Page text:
Sfingi said...

Hated it. Too much testosterone, sports,etc. Worse, too many acronyms, at least thirteen. To me, they're lame.

As an Upstater - that pail/pel thing is part of a recent vowel shift (melman, felsafe). But the flat A has been here a long time. We want to let them know we're not from The City.

Good to know the Iroquois Confederacy members: Oneida, Onondaga, Cayuga, Seneca, Mohawk, and later, Tuscarora.
Of the People of the Longhouse, only the Oneida were on "our" side.
Lately, they have the Turning Stone Casino.

Denise said...

Enjoyable puzzle -- smooth fill, but I am looking forward to the end of the week!

PurpleGuy said...

I also got caught upin the CUPOLA/EDUCT crossing.I also had TUG instead of TUB for 20d, so the BUDDYHOLLY answer took some crosses.
Overall a fun puzzle, and Thursday quality.
This one is better than Dan's NYT puzzle for today.

Great pictures PG. Thanks for the writeup.
Now get plenty of rest.

Charles Bogle said...

@PG is spot-on; this was a very well-constructed and enjoyable-and challenging-puzzle for me. Toughest part was SW quad, until I came up w CUPOLA and got EDUCT (still don't know what it is) by crossing. Great words...so too are SEAO, LOOKSEE clued cleverly by "Gander"...RECOIL

now how odd is this...just as I was tackling 26A-"American Pie" honoree-Don McLean himself, live, came over my local NPR station in an interview for his new album and a local concert this weekend!

Anonymous said...

Way to go, Dan Naddor! Two puzzles in one day (NYT also). Loved both of them, so keep 'em coming!

Barbara

PS He didn't pay me to say this, he doesn't have MY number, he doesn't know me, and I live in Canada. :o)

GLowe said...

Two days in a row of outstanding cluing. "Prepare for dubbing" - I could not parse that to save my life.

Anonymous said...

I agree with a previous poster who said there were far too many acronyms and stuff like 'a run' and 'to now'. A good puzzle spoiled.

Birdie said...

Could someone explain the clue at 21A - Griffin's rear and the answer - lion? I don't get either one!

Anonymous said...

Just didn't work for me today. Not a very enjoyable puzzle at all, not even a spark.

Anonymous said...

@Birdie - You should (half way) know this, given your name. A Griffin has the head/shoulders of an eagle, the body/tail of a lion.

chefbea said...

Much easier than the NYTimes. A fun puzzle.

Last night we went out for dinner. I had the BBQ ribs (not nearly as good as the St. Louis variety) and they came with a side of baked Mac n cheese Yummmmm

Joon said...

i know oda nobunaga, but not ONONDAGA. just one of the things that slowed me down today. but a fine puzzle overall. great theme, and smoothly executed.

shrub5 said...

I wanted to put dip or cheese, i.e., something edible, or even mouth for 55D) Cracker's target. Laughed when it worked out to be CODE! -- aptly joining NSA in the puzzle.

I haven't seen EDUCT used even though I have had a fair number of chemistry courses, albeit 35-40 years ago! It was fun to come across DOGIES and LOOKSEE as well as the too-cute SHOOK for 24D) offered a paw.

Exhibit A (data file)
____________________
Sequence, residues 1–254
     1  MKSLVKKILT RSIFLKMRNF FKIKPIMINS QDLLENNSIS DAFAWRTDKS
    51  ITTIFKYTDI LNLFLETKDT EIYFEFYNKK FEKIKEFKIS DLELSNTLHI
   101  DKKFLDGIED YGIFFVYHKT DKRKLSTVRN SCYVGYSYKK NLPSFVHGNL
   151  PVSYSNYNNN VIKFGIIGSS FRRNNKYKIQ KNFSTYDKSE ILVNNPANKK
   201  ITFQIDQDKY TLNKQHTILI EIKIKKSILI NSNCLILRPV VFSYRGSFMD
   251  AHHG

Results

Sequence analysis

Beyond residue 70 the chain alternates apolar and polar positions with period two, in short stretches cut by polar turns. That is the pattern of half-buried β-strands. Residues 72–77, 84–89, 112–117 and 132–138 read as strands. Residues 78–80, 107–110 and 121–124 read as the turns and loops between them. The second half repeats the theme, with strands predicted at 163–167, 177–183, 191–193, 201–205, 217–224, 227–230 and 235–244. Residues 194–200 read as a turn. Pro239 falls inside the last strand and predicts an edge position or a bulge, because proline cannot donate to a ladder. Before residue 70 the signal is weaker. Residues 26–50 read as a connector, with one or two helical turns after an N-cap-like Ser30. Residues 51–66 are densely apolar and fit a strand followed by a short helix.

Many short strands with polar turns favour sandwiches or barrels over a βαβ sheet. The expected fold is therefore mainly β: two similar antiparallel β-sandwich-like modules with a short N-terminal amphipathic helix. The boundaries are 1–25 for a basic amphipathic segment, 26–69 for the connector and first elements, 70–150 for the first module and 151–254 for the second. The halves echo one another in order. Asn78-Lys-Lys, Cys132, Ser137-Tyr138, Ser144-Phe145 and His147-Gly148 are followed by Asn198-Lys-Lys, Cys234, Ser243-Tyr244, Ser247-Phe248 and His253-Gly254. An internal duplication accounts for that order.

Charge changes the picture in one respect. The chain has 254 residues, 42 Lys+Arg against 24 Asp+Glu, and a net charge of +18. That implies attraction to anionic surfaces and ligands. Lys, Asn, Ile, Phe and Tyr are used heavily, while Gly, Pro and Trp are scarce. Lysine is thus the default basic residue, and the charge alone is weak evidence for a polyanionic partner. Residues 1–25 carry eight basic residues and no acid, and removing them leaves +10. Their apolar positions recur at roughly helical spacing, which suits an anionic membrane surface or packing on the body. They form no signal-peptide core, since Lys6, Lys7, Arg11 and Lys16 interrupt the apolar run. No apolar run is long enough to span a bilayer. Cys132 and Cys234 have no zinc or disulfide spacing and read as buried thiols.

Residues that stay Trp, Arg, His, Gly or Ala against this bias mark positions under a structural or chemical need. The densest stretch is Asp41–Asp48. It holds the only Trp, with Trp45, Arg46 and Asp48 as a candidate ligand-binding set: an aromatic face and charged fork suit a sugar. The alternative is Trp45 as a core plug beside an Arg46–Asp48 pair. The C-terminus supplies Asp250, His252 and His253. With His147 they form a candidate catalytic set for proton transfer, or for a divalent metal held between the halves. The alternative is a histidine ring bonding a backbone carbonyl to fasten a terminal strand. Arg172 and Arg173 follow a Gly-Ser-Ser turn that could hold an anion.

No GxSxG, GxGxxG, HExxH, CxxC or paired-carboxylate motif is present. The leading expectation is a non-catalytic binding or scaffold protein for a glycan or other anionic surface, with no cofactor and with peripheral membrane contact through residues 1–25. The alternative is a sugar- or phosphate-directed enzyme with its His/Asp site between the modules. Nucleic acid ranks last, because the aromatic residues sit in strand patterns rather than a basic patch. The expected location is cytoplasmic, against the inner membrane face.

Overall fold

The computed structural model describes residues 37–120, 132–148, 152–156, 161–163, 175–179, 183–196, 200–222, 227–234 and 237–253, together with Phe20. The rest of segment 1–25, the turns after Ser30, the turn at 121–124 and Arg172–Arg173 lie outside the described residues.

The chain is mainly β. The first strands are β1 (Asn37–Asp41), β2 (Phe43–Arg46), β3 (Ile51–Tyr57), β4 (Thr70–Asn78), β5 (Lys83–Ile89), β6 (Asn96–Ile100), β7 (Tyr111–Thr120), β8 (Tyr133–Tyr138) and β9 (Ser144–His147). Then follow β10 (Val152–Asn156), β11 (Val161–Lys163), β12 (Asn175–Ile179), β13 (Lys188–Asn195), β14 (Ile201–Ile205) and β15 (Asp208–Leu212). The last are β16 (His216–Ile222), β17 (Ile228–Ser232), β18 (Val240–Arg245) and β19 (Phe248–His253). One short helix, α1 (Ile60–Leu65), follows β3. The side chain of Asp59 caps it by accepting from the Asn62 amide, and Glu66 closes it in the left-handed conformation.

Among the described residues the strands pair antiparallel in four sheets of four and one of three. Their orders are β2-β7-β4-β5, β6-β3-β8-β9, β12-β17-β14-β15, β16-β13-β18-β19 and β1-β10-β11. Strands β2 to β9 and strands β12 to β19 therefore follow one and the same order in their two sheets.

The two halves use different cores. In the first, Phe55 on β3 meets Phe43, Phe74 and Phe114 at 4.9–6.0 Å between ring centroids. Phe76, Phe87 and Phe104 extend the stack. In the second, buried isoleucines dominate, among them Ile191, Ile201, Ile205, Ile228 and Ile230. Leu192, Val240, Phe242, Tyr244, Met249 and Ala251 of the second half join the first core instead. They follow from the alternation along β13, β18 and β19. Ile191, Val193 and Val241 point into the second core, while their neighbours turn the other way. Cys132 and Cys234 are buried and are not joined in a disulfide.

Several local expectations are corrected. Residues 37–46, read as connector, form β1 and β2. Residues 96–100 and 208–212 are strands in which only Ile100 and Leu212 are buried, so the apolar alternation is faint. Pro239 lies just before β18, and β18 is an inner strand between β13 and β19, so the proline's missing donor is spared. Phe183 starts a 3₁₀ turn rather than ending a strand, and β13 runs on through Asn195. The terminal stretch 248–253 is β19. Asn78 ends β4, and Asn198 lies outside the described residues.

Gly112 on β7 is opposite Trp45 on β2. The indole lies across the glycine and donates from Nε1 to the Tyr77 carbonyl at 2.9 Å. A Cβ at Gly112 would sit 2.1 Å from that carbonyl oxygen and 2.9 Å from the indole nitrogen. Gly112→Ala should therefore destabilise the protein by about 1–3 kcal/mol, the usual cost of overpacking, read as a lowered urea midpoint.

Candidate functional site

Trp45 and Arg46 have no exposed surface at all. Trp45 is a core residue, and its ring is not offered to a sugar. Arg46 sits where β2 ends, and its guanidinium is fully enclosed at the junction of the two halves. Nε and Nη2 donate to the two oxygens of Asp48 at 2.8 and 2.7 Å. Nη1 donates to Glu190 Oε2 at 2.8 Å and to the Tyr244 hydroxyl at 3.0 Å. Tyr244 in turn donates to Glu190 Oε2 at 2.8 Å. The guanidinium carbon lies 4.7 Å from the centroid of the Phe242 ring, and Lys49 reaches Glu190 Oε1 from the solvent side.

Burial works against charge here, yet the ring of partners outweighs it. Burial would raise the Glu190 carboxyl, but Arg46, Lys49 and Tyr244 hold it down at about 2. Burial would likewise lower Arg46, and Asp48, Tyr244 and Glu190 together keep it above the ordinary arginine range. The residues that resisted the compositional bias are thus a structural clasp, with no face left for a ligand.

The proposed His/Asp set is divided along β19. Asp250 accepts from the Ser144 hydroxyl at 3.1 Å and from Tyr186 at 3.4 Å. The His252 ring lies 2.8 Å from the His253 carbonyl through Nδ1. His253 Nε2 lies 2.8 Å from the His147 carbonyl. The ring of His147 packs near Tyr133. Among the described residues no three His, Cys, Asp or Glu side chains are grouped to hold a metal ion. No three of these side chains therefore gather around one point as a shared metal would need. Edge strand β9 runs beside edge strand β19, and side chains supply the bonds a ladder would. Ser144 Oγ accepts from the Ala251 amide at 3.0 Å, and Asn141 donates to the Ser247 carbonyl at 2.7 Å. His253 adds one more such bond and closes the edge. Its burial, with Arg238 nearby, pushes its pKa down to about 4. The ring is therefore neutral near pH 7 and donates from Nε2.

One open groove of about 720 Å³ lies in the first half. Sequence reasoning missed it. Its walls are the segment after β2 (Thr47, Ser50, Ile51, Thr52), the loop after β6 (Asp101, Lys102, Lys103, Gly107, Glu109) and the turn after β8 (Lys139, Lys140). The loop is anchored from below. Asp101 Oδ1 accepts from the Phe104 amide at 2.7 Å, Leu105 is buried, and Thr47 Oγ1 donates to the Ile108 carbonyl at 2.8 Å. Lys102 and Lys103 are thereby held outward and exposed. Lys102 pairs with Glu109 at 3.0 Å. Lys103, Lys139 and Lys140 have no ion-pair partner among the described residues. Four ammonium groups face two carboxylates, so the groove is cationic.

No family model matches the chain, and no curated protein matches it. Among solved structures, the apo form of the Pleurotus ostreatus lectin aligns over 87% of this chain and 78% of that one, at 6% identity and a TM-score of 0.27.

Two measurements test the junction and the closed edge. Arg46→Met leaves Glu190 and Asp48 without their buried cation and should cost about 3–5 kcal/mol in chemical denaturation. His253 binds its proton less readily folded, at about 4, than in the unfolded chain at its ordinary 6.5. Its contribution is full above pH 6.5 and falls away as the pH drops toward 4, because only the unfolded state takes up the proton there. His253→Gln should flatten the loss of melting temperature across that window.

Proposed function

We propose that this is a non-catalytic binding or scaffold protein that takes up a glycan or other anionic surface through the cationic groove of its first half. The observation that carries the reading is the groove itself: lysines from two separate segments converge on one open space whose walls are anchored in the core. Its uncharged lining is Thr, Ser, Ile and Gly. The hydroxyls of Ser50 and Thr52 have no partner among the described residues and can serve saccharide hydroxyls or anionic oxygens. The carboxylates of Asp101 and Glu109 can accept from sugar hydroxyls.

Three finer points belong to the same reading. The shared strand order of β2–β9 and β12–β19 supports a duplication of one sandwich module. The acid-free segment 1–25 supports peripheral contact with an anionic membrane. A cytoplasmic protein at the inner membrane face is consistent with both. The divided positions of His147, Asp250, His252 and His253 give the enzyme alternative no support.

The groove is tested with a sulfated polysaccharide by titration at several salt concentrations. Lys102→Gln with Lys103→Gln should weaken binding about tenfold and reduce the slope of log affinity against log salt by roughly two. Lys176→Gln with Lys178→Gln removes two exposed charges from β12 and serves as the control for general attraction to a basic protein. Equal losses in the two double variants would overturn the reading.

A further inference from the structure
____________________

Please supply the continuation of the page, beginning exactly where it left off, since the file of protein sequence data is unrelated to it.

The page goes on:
Thank you, Dan and PG.

chefwen said...

@purple guy - I can't believe how many times you and I make the same mistakes. tug for TUB which rendered guddy holly. NOT!

Liked this one a lot better than the NYT puzzle. Never did figure out the ONONDAGA tribe and didn't know ORD although, God knows, I've been there enough times.

Norm said...

Hope this praise makes up for the drubbing he took (not from me)at Rex's place.

Anonymous said...

Can someonee explain 22A. LAX is airport in Los Angeles. Why is Chicago ORD? Shouln't it be CHI?

Anonymous said...

Chicago-O'Hare Airport is keyed "ORD" because, many years ago, the present airport was the site of an orchard, abbreviated "ORD."

JOHNSNEVERHOME said...

ORD stands for Orchard... it goes back to the days before O'Hare Airport became commercial. Orchard Place was its original name. Then when it became a military air base, the name was changed to O'Hare, honoring Butch O'Hare. a World War II hero.
The name ORD stuck, not sure why, but when you see luggage tags with ORD on them, you know they've been through Chicago.

Anonymous said...

Anonymous7:13am: "geste" can mean an adventure (French), hence the connection to the clue word "exploit."

JOHNSNEVERHOME said...

I too would like to know what GESTE has to do with Édouard's exploit.

@GLowe..."Prepare for a dubbing" (41a) KNEEL, this is what knights do when the queen dubs them with Sir.

"Griffin's rear" (21a) LION, caused me some confusion because of the typical trick that constructors do... using "rear" to imply a suffix to the word Griffin. I fell right into Naddor's trap on this one.

I too had TUG for TUB (20d), until the BUDDYHOLLY cross materialized.

For "Roper's target (28d) i had MOVIE instead of DOGIE, thinking of Richard Roper, the movie critic. Then I looked up his name and found out that it's spelled Roeper. Oops!

I'm just curious as to how many clue variants there are for the word EMU (three this week alone).

For "Wish undone" (23a), DUE seems more logical than RUE.

Does anyone know what SNAFU stands for? I guessed on the ALL part.

I think it's a guy thing, but I really loved this puzzle theme and I thought Dan did a superb job with many clever clues (eg. Cracker's target).

Norm said...

SNAFU = situation normal all f***ed up

Anonymous said...

According to my desktop dictionary, SNAFU is an acronym from the 1940's of:
Situation Normal: All Fouled (or F***ed) Up

Anonymous said...

@anon 5:43pm - Thanks for the info on GESTE. Now I get it!
anon 7:13am

fresca721 said...

My Sunday paper does not have the Crossword Puzzle. I get the NY Times and Washington Post puzzles. Where can I get a blank puzzle for Sunday?

Jan said...

Fresca 721 -- The LA Times puzzles are at http://games.latimes.com/index_crossword.html?uc_feature_code=tmcal

Jan